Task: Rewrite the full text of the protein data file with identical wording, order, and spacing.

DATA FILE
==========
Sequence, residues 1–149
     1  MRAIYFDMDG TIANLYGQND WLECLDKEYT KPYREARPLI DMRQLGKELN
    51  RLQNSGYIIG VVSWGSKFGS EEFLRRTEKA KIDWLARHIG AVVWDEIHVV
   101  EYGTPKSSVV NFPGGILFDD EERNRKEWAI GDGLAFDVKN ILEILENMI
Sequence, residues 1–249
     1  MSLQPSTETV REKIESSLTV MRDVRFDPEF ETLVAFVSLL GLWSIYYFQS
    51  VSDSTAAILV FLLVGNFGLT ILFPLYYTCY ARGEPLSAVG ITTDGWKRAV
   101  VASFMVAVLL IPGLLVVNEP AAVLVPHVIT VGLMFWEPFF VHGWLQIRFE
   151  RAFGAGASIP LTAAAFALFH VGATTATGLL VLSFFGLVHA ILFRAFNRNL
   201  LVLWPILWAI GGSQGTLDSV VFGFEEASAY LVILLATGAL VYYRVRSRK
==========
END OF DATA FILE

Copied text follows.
Sequence, residues 1–149
     1  MRAIYFDMDG TIANLYGQND WLECLDKEYT KPYREARPLI DMRQLGKELN
    51  RLQNSGYIIG VVSWGSKFGS EEFLRRTEKA KIDWLARHIG AVVWDEIHVV
   101  EYGTPKSSVV NFPGGILFDD EERNRKEWAI GDGLAFDVKN ILEILENMI
Sequence, residues 1–249
     1  MSLQPSTETV REKIESSLTV MRDVRFDPEF ETLVAFVSLL GLWSIYYFQS
    51  VSDSTAAILV FLLVGNFGLT ILFPLYYTCY ARGEPLSAVG ITTDGWKRAV
   101  VASFMVAVLL IPGLLVVNEP AAVLVPHVIT VGLMFWEPFF VHGWLQIRFE
   151  RAFGAGASIP LTAAAFALFH VGATTATGLL VLSFFGLVHA ILFRAFNRNL
   201  LVLWPILWAI GGSQGTLDSV VFGFEEASAY LVILLATGAL VYYRVRSRK